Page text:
The Pennsylvania Senate passed a bill Wednesday to protect unborn babies from brutal dismemberment abortions and later term abortions after 20 weeks.
Sponsored by state Sen. Michele Brooks, the bill passed in a 32-18 vote, the Philadelphia Inquirer reports. It now moves to the Pennsylvania House where it appears likely to pass.
“Taking the life of an unborn child by tearing the baby limb by limb from a mother’s womb is cruel and unconscionable,” said Maria Gallagher, legislative director for the Pennsylvania Pro-Life Federation, an affiliate of National Right to Life. “Not one Pennsylvania child should be subjected to this form of brutality—and not one mother should have to grieve a child killed in such a barbaric way.”
Pennsylvania Senate Bill 3 would make it illegal to cause “the death of an unborn child by means of dismembering the unborn child and extracting the unborn child one piece at a time from the uterus through the use of clamps, grasping forceps, tongs, scissors or similar instruments.” It also would push back the legal abortion limit from 24 weeks to 20 weeks, reflecting how modern technology has been able to save premature babies at earlier stages of development.
Gallagher said about 1,550 babies are killed in Pennsylvania every year in dismemberment abortions.
She also said a recent poll found strong support for the measure among Pennsylvanians, with 61 percent supporting a ban on dismemberment abortions.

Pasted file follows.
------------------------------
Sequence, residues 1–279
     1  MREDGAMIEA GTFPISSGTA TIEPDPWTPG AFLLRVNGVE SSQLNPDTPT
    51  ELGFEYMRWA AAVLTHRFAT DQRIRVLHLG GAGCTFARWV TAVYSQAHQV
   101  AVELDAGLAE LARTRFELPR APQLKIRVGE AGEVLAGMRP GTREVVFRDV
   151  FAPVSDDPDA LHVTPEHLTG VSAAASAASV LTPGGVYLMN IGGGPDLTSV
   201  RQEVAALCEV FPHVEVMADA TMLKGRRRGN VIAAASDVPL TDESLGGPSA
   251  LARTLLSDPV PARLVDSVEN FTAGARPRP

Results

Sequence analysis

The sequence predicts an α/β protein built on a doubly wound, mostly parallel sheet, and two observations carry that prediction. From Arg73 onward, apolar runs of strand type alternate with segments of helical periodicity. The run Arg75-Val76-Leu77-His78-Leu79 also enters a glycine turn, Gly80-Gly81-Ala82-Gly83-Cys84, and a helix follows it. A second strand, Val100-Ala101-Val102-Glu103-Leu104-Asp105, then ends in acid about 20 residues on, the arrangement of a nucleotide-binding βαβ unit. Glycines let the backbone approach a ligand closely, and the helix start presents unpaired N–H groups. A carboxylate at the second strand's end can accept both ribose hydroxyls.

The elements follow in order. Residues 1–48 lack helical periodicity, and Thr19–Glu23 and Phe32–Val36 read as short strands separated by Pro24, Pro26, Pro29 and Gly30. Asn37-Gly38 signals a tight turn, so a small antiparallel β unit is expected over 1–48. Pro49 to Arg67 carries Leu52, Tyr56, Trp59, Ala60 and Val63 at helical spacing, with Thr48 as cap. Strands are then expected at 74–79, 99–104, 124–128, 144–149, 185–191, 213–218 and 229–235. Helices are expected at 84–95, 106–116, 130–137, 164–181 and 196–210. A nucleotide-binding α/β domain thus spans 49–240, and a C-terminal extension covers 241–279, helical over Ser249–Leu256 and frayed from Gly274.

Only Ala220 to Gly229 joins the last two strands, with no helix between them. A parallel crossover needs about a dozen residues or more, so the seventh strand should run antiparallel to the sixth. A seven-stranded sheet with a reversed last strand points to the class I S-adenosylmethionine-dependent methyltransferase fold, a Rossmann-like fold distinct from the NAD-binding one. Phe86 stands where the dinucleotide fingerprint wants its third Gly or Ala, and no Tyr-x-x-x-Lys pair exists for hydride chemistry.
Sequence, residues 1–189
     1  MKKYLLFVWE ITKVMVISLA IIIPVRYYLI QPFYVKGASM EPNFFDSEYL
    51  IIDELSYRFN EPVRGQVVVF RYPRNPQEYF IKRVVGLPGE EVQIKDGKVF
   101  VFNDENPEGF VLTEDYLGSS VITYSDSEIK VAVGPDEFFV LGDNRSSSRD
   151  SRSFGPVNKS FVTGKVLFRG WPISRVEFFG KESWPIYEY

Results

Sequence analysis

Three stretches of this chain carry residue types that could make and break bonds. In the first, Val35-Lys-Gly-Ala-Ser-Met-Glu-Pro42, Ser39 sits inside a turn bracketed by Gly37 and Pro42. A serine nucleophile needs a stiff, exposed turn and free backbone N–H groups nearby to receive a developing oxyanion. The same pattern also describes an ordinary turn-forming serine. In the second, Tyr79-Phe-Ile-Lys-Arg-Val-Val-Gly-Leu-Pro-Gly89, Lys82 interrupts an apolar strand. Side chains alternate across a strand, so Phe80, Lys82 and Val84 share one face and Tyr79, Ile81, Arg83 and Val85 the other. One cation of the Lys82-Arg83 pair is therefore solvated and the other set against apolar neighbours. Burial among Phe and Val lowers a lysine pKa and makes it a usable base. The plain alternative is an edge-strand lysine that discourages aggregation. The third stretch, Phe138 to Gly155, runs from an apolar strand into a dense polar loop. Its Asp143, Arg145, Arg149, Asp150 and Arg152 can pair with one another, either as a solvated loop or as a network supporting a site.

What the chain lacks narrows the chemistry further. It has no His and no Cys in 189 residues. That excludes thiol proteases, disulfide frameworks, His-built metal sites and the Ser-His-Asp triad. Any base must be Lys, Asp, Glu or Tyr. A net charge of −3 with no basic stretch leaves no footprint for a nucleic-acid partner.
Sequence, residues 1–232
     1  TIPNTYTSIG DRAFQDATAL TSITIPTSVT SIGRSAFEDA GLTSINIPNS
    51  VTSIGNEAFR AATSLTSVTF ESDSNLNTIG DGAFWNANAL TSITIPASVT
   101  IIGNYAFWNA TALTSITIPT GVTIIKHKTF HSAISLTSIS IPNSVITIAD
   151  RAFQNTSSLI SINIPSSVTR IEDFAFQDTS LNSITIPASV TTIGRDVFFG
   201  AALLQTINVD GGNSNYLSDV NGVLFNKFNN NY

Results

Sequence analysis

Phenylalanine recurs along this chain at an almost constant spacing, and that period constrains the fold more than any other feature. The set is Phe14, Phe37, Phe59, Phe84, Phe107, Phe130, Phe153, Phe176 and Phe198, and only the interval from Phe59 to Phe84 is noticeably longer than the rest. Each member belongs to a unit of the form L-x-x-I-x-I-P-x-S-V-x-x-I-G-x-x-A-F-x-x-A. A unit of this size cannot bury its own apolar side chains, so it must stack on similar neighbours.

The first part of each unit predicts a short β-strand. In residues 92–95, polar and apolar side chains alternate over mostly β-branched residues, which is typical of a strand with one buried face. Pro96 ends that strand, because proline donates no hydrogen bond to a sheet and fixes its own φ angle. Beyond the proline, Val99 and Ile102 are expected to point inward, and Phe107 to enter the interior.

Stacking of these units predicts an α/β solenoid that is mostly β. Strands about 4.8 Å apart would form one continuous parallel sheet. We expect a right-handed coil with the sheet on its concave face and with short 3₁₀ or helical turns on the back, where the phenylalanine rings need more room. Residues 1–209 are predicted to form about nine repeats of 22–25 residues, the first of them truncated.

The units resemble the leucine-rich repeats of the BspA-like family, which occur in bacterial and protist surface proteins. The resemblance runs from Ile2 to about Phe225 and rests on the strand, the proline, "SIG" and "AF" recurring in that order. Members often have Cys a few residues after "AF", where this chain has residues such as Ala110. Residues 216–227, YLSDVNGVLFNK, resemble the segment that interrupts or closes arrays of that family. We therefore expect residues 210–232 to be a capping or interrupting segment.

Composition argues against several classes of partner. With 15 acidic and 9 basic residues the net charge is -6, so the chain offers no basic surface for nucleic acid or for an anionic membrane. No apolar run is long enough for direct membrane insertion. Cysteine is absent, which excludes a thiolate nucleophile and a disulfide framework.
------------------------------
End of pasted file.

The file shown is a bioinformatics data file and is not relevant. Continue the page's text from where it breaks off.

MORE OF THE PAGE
“Poll results show that support for a dismemberment abortion ban in Pennsylvania is actually higher among women than men,” Gallagher added. “Sixty-four percent of PA women want to see this heinous practice banned once and for all. And they applaud those women lawmakers who are leading the fight to end this ultimate form of child abuse.”
State Sen. Joe Scarnati, a co-sponsor of the bill, said the legislation is needed, given modern medical advancements that have pushed back the point of viability.
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“It is greatly important that we work to protect the most vulnerable in our society, including the innocent unborn,” Scarnati said in a statement.
He referred to a study in the Journal of the American Medical Association that found survival rates for premature babies born before 24 weeks are increasing. According to the study, the overall survival rates for premature babies between 22 and 24 weeks increased to 79 percent in 2012, up from 70 percent in 1993; and about one-third of premature babies born at 23 weeks will survive.
Currently under Pennsylvania law, babies in the womb can be aborted up to 24 weeks for any reason.
Gov. Tom Wolf, who has close ties to the abortion industry, said he will veto the bill.
“It’s wrong, it’s unconstitutional, it flies in the face of everything I stand for, and I will veto it,” the governor said.
Wolf has close ties to Planned Parenthood and appointed one of the abortion group’s board members as his chief of staff. He also volunteered for the abortion chain and received strong support from it during his election campaign.
A handful of states also have passed dismemberment abortion bans, which are the brainchild of the National Right to Life Committee.
The bill also is modeled, in part, after the Pain-Capable Unborn Child Protection Act, which 16 states have passed into law. The bill prohibits later term abortions after 20 weeks as medical advancements push the line of viability earlier in pregnancy and as substantial medical evidence indicates unborn babies at this stage are capable of experiencing pain.